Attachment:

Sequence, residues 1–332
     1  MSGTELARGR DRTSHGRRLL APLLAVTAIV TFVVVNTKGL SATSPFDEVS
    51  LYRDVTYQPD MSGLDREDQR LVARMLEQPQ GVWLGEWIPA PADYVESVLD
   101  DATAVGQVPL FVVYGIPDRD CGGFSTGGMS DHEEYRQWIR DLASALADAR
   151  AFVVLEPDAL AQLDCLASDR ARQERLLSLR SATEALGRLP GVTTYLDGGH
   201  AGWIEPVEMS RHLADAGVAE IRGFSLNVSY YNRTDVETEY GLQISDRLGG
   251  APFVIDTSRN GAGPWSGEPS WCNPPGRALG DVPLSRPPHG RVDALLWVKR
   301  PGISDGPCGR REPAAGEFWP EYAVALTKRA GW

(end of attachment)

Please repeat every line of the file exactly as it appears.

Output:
Sequence, residues 1–332
     1  MSGTELARGR DRTSHGRRLL APLLAVTAIV TFVVVNTKGL SATSPFDEVS
    51  LYRDVTYQPD MSGLDREDQR LVARMLEQPQ GVWLGEWIPA PADYVESVLD
   101  DATAVGQVPL FVVYGIPDRD CGGFSTGGMS DHEEYRQWIR DLASALADAR
   151  AFVVLEPDAL AQLDCLASDR ARQERLLSLR SATEALGRLP GVTTYLDGGH
   201  AGWIEPVEMS RHLADAGVAE IRGFSLNVSY YNRTDVETEY GLQISDRLGG
   251  APFVIDTSRN GAGPWSGEPS WCNPPGRALG DVPLSRPPHG RVDALLWVKR
   301  PGISDGPCGR REPAAGEFWP EYAVALTKRA GW